john cage
It is a very different culture we live in from when Little Richard was banging his piano singing Lu-ci-lle, you ran off and married but I-I love you sti-ll. I've kept up to a point. It's become dizzying. I've already been through nuclear threat. I'm not going to do it again. I don't even want to know what's pop anymore. I have my own music in the house from years of listening and buying, I don't need any more in my mind. There's no room. My music file is full. On facebook different people put up music videos. I see James Brown, Night Train, I don't need to play it. I hear it in my head as soon as I see the title. One that just now came to mind, The Jamies, Summertime. I was fifteen the summer it was new. It was in the time of Whole Lotta Shakin Goin On and El Ranch Rock, Splish-Splash, Peggy Sue. I didn't identify the song with summer time. I liked it the way I liked Rockin Pneumonia, The Jamies were a straight-up Fifties Lawrence Welk acceptable family singing group. I about fell over backwards when I looked them up on YouTube. The song had the zip of Gene Vincent's Be Bop a Lula and Carl Perkins' All Mama's Children. Year after year it was the summer song radio stations played for so long the music changed so much it just didn't work anymore except on oldies stations. The vitality the song had then, it has now. Little Richard's Lucille is still beautiful, as is Chuck Berry's Maybelline, as is Pink Floyd's Wish You Were Here. Coming in at the very beginnings of rock & roll, I've had the great good fortune to follow the music through several periods of its evolution as a music. Music is coming in from all over the world, everything changing so fast that what we call rock is now one of many genres. I like my Blue Ridge Mountain home. It's time to hunker down a notch further, take a step inward, allow even the thrill of seeing Eric Cantor unseated in DC pass on by as nothing worth notice. The seasons are far more interesting than the dis- and mis-information we're fed through the media, even NPR. I've come to like silence about the best of any form of auditory experience. I like face to face and facebook communication with others. But in between, I like the silence with a wind chime tinging in a light breeze, tree frogs and katydids, the katydids in my ears, all singing together such that I don't know what's in here or out there.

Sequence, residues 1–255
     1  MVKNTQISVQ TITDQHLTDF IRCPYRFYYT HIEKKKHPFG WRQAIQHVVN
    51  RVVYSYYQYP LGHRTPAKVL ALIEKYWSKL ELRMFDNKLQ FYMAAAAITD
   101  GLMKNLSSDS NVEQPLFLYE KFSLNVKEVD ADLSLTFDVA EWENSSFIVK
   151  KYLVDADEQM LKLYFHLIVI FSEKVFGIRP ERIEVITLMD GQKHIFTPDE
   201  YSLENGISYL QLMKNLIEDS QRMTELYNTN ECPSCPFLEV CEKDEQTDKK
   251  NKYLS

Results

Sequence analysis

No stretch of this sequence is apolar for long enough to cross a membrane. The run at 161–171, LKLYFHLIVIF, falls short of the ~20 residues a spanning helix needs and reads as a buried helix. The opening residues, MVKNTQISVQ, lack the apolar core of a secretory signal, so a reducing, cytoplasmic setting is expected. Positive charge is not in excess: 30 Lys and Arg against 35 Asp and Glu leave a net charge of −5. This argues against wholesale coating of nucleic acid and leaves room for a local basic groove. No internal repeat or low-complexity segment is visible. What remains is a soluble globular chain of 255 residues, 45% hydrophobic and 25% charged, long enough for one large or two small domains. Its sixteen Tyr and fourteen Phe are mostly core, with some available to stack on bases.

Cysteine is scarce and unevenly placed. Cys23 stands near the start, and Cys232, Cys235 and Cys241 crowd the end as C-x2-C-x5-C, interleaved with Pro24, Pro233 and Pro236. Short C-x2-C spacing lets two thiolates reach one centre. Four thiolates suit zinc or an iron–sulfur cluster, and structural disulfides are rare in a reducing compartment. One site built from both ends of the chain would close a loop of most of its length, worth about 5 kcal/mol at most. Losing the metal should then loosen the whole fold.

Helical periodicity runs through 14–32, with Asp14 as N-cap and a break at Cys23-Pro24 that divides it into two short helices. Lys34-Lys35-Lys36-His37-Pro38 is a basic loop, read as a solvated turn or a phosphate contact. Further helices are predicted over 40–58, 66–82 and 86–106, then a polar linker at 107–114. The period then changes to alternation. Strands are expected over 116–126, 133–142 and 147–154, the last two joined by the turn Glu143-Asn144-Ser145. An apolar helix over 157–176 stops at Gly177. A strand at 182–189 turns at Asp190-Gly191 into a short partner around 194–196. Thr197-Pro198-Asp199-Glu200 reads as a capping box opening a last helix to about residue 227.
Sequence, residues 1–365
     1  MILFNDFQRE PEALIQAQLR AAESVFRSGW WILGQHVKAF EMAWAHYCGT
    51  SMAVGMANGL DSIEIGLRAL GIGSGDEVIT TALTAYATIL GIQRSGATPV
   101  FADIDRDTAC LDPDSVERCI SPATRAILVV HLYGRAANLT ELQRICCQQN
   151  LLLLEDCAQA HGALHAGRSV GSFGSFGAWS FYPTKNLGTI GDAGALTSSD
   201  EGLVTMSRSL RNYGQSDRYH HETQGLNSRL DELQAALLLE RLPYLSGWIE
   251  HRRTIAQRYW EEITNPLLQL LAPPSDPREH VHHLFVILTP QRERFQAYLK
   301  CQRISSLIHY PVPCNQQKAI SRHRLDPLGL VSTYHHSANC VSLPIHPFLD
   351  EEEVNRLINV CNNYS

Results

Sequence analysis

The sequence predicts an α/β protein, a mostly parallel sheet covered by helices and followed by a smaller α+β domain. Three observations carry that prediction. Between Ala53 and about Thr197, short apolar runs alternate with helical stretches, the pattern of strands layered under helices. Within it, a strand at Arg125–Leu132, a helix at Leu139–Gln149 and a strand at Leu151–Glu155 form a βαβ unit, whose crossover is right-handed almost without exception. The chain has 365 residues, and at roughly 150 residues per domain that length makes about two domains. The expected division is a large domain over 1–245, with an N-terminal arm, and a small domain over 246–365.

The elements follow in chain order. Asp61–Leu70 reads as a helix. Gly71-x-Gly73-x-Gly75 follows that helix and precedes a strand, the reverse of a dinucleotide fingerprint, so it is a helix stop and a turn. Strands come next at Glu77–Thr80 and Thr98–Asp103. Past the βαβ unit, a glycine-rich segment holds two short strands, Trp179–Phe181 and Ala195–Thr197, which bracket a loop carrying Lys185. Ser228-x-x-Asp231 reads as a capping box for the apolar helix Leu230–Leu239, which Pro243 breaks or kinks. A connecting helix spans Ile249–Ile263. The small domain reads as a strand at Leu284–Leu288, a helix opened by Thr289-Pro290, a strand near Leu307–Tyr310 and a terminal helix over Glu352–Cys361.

john cage himself


  1. I met John Cage once - when he came to Beloit College to do a concert. I ran some lights and afterward had a chance to speak briefly with him. I was passingly familiar with his "odd" music and asked him how he defined music. His brief, quick answer to obviously and often asked question, "sound." - Dudley

    1. that's very cool, Dudley. I feel like he told you what he had to say. Seems to me a right-on answer coming from him. He made his music of sounds, all kinds of sounds. Last week when Hank Brodt who'd survived Nazi camps talked at the library about his experience, a woman asked during question time what was the difference between fascism and communism. He didn't even hardly acknowledge the question but to dismiss it. How do you answer that question in a phrase or less? Same woman asked if it could happen again. He exploded with examples of where it's happening now.